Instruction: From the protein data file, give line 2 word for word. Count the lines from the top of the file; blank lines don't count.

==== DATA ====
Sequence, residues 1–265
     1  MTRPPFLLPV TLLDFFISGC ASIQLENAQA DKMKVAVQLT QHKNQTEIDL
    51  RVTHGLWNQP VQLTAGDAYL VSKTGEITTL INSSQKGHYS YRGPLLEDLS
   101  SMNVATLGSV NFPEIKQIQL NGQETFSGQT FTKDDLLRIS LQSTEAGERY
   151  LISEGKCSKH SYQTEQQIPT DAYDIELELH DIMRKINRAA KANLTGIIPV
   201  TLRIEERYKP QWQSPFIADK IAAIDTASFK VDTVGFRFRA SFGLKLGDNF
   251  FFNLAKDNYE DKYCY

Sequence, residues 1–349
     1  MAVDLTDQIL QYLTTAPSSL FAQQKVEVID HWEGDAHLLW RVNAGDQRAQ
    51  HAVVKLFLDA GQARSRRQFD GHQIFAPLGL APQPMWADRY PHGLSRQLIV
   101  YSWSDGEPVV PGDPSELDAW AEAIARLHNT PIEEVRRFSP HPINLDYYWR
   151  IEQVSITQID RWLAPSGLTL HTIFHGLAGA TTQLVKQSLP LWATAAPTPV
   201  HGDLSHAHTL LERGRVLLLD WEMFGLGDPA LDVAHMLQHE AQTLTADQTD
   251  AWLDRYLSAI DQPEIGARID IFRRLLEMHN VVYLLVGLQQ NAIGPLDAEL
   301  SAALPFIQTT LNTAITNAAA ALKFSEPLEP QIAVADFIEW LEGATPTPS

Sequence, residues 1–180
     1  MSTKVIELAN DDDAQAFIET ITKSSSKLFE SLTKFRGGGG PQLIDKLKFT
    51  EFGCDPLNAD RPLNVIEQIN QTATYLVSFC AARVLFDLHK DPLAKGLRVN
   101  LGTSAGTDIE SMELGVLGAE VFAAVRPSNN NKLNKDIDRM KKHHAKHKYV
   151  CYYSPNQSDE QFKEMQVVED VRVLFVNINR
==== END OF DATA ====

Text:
     1  MTRPPFLLPV TLLDFFISGC ASIQLENAQA DKMKVAVQLT QHKNQTEIDL